18. 18. Going native, …but not a Local <ul><li>Often forming a relationship with a local partner was an important part of feeling connected, and was characterised by managing trust in relationship terms rather than risk in sexual health terms. </li></ul>
  19. 19. Escaping and Finding <ul><li>Focus on the experience of being far from home and the familiar. </li></ul><ul><li>Travel was part of a personal journey of distancing themselves from their previous life, or to start again. </li></ul><ul><li>However it was never envisaged as a long term home – more in common with a working holiday or lengthy but eventually limited travel. </li></ul>
  20. 20. Escaping and Finding <ul><li>(B1, 20+, Gay, Asia, Expat) </li></ul><ul><li>I didn’t plan to stay there that long. I stayed in Tokyo all the time. I was only planning 1 year in Tokyo and 1 year somewhere else in Japan but I got stuck in Tokyo for 3 years. …I got away from a lot of stuff from Perth. So I was also trying to get away and avoid stuff and trying to find myself as well. So that was another reason why I went over. But yeah I settled in really quickly. Wasn’t really home sick. Made lots of knew friends. It was good…….I guess in some ways kind of a fresh start and I didn’t have family to worry about. I didn’t have all my old friends to worry about… It was kind of like I could go over, be myself. No preconceptions and stuff like that. </li></ul>
  21. 21. Escaping and Finding <ul><li>(B2, 30+, Heterosexual, Asia, Traveller). </li></ul><ul><li>It was a bit strange, I was a virgin until I was thirty and was intensely romantic and stuff like that … Life’s going by and you are missing out and you might be hit by a bus tomorrow. … But then on top of that you have ‘You should wear condoms, you should be sensible and that. But overriding that you have got ‘it’s human nature’. … I had lost a fair bit of self esteem … It was the aura of doing something that was forbidden and different. </li></ul>
  22. 22. Escaping and Finding <ul><li>For these men, the focus was on managing a new or change in life than managing risk. </li></ul>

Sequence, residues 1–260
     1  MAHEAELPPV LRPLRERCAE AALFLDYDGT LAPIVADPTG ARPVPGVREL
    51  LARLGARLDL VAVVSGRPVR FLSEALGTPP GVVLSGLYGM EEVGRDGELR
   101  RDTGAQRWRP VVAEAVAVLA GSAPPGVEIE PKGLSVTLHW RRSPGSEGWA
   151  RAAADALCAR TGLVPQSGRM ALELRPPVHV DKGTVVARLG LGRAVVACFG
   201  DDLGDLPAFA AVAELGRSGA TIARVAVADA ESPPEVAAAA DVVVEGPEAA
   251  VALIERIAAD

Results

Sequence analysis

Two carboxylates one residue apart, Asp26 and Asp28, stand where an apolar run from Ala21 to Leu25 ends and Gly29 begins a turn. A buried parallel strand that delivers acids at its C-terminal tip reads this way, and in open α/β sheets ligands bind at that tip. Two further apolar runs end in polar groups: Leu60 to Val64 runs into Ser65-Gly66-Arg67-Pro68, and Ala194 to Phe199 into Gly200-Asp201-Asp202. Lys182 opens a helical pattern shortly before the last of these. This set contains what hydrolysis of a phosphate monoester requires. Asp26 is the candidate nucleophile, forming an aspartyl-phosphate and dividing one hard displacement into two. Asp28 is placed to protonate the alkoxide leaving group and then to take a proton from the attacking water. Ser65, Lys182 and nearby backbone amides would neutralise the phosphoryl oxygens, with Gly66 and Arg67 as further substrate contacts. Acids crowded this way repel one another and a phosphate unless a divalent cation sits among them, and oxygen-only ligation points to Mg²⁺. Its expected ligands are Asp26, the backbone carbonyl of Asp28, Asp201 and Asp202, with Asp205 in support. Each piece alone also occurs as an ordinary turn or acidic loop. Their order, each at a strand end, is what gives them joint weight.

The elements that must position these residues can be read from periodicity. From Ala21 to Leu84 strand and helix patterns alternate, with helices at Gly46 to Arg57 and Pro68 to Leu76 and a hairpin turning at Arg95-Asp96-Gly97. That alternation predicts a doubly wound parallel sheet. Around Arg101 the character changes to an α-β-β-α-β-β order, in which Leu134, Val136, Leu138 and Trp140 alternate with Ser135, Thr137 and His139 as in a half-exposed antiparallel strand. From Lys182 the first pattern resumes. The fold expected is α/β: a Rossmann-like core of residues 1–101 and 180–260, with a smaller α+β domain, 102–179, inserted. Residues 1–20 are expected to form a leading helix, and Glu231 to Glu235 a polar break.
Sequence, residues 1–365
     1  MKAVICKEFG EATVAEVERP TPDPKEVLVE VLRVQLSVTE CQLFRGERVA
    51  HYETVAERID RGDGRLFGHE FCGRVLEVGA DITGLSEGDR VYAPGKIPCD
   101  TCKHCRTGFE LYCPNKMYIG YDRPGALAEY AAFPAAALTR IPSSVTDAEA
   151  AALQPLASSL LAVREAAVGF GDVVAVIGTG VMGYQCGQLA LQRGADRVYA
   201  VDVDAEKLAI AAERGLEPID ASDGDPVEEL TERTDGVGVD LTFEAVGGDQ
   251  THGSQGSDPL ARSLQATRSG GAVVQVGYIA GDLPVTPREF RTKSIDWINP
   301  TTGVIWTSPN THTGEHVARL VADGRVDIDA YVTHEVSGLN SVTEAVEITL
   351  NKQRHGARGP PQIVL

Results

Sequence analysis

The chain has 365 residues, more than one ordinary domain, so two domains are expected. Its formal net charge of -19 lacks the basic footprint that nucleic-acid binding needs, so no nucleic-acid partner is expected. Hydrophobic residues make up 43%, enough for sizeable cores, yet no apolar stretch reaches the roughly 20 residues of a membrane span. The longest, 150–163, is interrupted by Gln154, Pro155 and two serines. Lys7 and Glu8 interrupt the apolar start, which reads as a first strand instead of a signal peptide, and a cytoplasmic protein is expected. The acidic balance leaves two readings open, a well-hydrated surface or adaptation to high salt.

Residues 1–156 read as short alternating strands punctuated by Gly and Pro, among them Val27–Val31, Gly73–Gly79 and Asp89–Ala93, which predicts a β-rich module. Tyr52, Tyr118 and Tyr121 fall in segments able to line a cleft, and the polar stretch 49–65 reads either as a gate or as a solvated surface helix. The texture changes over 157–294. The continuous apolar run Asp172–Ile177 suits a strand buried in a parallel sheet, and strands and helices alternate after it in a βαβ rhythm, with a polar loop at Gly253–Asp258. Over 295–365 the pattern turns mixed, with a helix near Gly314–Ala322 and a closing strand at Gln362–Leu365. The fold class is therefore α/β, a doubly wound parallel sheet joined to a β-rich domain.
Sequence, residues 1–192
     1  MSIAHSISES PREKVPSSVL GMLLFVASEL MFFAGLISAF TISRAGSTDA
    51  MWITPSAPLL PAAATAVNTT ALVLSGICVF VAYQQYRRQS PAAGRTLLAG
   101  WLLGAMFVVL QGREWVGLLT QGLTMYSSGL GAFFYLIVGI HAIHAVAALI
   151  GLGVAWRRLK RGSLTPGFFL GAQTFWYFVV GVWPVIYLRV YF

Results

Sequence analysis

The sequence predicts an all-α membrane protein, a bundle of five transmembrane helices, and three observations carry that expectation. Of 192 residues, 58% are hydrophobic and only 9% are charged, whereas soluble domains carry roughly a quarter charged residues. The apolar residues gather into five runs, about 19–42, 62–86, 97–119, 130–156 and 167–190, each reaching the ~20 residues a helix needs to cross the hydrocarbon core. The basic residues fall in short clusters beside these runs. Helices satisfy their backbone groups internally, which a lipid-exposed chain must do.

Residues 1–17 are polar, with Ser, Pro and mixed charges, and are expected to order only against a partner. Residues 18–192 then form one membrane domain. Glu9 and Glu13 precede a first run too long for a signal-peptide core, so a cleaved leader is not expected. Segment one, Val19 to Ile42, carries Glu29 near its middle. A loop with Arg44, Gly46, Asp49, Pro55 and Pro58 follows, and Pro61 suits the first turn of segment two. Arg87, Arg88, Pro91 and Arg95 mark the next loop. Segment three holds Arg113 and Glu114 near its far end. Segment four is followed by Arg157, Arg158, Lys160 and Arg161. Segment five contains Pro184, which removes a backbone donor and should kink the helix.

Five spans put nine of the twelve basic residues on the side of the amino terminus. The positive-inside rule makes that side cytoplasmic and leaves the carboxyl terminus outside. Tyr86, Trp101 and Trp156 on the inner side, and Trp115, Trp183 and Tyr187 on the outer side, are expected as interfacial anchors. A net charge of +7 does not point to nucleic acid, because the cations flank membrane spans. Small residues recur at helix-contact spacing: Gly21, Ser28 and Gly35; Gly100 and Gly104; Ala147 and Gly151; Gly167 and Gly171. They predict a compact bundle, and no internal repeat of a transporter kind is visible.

23. 23. A Fantasy Realised <ul><li>For these men – the location was a fantasy land, an outlet from their life in Australia or at work. </li></ul><ul><li>Where they could partake in activities they would not normally see themselves doing or have the opportunity in Australia. </li></ul><ul><li>Experiences they would normally consider indulgent were normalised around them, and while in country became normalised for them personally. </li></ul><ul><li>The experiencing of this fantasy became a regular event – risk was acknowledged but actively distanced. </li></ul>
  24. 24. A Fantasy Realised <ul><li>(C3, 40+, Gay, Asia, Traveller) </li></ul><ul><li>You know, I’m not A list, but I’d scrape by as a B list…. So, yeah, it was a real indulgence being around happy confident sexy people who were enjoying their lives and were quite happy to have you enjoying your life in the same spot that they’re enjoying their life. You know, it was all, everything was good. Its one big aura of ecstasy that permeates the culture …… you’re so in demand, knowing that you never have to go home alone. It’s a big attraction, of course it is. </li></ul>
  25. 25. A Fantasy Realised <ul><li>(R2, 30+, Heterosexual, FIFO, Asia) </li></ul><ul><li>It’s a mind set like working five weeks away and one week off or whatever- you do get that sense that you are being a robot and not having a life. ..So the minute you get a chance to live your life, like you become hedonistic and stuff. …You are not having a holistic balanced life that you would have down here. </li></ul><ul><li>I mean it amazes me now that I ever would have thought like that.…But really speaking you were there to experience what you wouldn’t be able to do back here. Big difference between your options, I guess you’d say. And I mean it’s pretty weird to me now, because it surprises me that I was ever into something like that, you know? </li></ul>
  26. 26. A Fantasy Realised <ul><li>These men found themselves in an environment where risk was normalised, and being risk averse was the antithesis of what they were experiencing. It was more about managing a fantasy than managing risk. </li></ul>